Complete Finnish Food List

Finnish cuisine is deeply rooted in the country’s natural landscape, featuring ingredients like fish, berries, mushrooms, and game meats. Here’s a guide to some of the most delicious and traditional Finnish foods you can try:

  1. Karjalanpiirakka: These are traditional Finnish pastries made with rye flour and filled with a mixture of rice and mashed potatoes. They are typically served with a dollop of butter and a sprinkling of egg butter.
  2. Lohikeitto: This is a creamy salmon soup made with potatoes, leeks, carrots, and dill. It’s a comforting and hearty dish that’s perfect for a cold winter day.
  3. Mustikkapiirakka: This is a traditional Finnish blueberry pie made with a rye flour crust. The filling is made with fresh or frozen blueberries, sugar, and a bit of flour to thicken it.
  4. Poronkäristys: This is a traditional Finnish dish made with reindeer meat that has been sautéed with onions and served with mashed potatoes and lingonberry jam. The meat is lean and flavorful, and the tartness of the lingonberries complements it perfectly.
  5. Salmiakki: This is a popular Finnish candy that has a salty licorice flavor. It’s a unique taste that’s beloved by many Finns.
  6. Graavilohi: This is a traditional Finnish dish of cured salmon that’s been marinated in a mixture of salt, sugar, and dill. It’s typically served with rye bread and a side of mustard sauce.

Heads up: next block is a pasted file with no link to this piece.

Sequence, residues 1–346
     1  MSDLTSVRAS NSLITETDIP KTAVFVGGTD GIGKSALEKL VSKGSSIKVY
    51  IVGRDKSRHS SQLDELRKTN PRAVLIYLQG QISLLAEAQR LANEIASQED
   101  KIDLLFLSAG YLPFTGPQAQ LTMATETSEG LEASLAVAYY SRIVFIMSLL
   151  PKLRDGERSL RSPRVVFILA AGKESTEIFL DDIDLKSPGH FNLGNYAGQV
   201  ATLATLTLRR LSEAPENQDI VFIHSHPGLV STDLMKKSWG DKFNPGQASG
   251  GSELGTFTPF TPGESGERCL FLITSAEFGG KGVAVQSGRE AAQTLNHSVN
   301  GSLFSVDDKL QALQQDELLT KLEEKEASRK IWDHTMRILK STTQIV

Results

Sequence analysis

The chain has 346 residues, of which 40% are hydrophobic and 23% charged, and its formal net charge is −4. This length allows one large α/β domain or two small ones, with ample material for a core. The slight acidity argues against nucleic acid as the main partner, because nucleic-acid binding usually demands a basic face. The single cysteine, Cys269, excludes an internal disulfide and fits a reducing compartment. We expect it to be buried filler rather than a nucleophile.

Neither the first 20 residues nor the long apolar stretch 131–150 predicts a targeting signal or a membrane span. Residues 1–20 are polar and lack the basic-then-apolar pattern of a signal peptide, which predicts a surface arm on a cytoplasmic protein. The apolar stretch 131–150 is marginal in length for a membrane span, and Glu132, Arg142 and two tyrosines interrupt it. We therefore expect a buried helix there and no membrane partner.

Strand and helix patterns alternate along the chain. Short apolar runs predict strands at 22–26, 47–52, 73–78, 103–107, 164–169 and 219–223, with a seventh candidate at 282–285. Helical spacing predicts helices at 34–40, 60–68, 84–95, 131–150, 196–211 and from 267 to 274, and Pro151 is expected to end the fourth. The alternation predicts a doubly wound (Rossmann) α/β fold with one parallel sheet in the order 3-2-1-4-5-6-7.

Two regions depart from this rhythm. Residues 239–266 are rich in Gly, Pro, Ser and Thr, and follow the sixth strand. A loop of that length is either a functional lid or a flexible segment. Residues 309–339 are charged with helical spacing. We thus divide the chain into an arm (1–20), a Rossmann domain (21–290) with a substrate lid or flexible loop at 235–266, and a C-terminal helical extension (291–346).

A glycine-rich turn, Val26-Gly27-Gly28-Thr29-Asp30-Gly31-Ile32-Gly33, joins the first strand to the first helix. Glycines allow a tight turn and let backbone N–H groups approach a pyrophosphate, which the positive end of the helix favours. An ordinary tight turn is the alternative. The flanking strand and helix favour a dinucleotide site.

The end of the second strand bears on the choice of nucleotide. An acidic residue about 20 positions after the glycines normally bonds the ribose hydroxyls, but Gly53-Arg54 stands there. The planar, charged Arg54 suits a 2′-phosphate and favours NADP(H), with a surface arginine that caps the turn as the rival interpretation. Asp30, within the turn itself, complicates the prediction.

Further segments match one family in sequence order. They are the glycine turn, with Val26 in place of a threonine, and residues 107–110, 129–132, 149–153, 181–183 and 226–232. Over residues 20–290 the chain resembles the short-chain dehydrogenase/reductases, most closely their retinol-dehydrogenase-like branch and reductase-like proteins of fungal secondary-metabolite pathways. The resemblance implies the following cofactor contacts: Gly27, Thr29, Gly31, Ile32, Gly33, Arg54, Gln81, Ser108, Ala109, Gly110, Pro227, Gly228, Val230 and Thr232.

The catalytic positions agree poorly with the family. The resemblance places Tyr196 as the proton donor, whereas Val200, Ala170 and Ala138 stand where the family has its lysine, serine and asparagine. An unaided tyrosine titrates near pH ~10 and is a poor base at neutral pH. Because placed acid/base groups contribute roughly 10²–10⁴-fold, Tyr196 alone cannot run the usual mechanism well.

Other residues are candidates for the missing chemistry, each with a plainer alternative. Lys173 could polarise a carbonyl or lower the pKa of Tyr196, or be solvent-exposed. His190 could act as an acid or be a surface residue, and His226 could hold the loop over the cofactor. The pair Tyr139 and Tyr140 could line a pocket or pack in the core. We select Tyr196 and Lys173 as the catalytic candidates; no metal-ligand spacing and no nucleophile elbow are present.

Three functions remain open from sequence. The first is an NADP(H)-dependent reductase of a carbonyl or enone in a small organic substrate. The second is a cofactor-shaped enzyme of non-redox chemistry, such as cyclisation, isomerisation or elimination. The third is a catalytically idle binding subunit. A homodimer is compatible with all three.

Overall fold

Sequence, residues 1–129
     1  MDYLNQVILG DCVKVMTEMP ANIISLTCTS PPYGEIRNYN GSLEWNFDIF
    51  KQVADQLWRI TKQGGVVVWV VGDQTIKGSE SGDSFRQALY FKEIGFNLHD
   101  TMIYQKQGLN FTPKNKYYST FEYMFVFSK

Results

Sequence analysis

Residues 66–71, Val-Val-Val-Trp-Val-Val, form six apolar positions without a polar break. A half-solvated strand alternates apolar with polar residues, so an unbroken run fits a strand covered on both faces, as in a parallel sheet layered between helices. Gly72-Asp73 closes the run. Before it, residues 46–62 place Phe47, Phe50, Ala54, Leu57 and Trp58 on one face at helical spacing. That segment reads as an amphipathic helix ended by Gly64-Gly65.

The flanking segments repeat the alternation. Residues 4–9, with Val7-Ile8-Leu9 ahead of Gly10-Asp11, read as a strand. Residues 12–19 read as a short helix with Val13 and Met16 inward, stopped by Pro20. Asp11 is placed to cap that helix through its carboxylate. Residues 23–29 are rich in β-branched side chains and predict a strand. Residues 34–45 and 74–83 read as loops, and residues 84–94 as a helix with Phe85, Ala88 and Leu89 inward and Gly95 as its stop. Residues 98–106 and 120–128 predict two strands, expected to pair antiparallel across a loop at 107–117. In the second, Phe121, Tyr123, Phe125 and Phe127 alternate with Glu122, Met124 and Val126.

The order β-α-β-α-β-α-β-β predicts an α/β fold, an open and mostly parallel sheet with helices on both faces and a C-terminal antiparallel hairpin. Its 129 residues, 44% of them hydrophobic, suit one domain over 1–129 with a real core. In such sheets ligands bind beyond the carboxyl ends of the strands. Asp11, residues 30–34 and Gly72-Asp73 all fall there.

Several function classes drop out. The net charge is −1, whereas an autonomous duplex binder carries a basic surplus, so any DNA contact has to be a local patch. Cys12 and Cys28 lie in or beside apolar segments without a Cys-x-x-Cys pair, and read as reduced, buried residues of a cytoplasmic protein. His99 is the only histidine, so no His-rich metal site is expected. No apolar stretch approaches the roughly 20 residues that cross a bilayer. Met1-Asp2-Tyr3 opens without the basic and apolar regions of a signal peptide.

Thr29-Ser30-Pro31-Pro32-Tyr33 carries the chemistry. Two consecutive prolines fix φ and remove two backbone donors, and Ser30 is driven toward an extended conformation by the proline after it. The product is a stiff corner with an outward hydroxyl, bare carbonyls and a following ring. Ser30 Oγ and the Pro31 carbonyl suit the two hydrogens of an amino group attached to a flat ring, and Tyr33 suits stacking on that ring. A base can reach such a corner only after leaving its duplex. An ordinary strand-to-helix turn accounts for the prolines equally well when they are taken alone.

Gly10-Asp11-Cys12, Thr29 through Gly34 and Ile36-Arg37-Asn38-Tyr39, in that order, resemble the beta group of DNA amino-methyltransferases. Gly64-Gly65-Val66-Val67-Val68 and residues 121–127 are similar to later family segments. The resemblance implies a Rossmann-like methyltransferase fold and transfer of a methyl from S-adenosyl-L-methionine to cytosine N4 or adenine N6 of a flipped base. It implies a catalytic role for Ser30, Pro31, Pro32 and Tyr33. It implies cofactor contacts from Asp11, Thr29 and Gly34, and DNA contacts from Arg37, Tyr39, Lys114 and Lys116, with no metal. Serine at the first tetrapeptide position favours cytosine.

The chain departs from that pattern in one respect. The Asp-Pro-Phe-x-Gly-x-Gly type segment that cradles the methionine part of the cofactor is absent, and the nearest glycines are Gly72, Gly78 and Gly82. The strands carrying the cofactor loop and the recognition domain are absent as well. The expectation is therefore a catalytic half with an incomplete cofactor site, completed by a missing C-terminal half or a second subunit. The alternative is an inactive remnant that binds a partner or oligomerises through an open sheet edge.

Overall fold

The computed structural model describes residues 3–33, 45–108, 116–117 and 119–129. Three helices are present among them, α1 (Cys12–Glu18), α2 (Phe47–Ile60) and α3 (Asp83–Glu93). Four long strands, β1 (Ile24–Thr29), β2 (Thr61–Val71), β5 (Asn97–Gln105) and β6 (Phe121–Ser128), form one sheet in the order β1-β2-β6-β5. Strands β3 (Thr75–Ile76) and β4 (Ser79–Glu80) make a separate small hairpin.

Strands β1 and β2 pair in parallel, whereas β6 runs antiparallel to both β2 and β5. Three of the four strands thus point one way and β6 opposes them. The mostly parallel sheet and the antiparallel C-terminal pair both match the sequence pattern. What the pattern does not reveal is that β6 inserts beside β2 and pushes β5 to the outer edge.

7. Korvapuusti: These are Finnish cinnamon buns that are made with cardamom and brushed with melted butter before being rolled up and baked. They are a popular snack or breakfast food.
  8. Leipäjuusto: This is a traditional Finnish cheese that’s made from cow’s milk and heated until it caramelizes on the outside. It’s typically served warm with a drizzle of honey.
  9. Ruisleipä: This is a traditional Finnish rye bread that’s dense and hearty. It’s made with a combination of rye flour, water, salt, and a sourdough starter. It’s perfect for sandwiches or as an accompaniment to a meal.
  10. Karjalanpaisti: This is a traditional Finnish meat stew made with beef, pork, or lamb and a variety of root vegetables like carrots, potatoes, and turnips. It’s a hearty and filling dish that’s perfect for a cold winter day.
  11. Lihapullat: These are Finnish meatballs made with a mixture of ground beef and pork, breadcrumbs, and egg. They’re typically served with mashed potatoes and lingonberry sauce.
  12. Kalakukko: This is a traditional Finnish fish pastry that’s made with rye flour and filled with fish, usually whitefish or salmon, and bacon. It’s typically baked in a wood-fired oven.
  13. Hernekeitto: This is a traditional Finnish pea soup that’s made with dried peas, root vegetables like carrots and onions, and smoked pork. It’s typically served with rye bread and a dollop of mustard.
  14. Makaronilaatikko: This is a Finnish macaroni casserole that’s made with macaroni, minced meat, and a mixture of milk, eggs, and cheese. It’s a comforting and filling dish that’s perfect for a cold day.
  15. Riisipuuro: This is a traditional Finnish rice pudding that’s made with short-grain rice, milk, and sugar. It’s typically served with a sprinkle of cinnamon and a dollop of jam.
  16. Kermaviili: This is a traditional Finnish fermented dairy product that’s similar to sour cream. It’s typically served with potatoes and fish dishes.
  17. Raparperipiirakka: This is a Finnish rhubarb pie that’s made with a buttery crust and a sweet and tart rhubarb filling. It’s a popular summer dessert.
  18. Pikkelsi: This is a Finnish pickled vegetable salad that’s typically made with cucumbers, carrots, and onions. It’s a refreshing and tangy side dish that’s perfect for summer barbecues.
  19. Siskonmakkara: This is a traditional Finnish sausage that’s made with pork and beef. It’s typically served grilled and topped with mustard.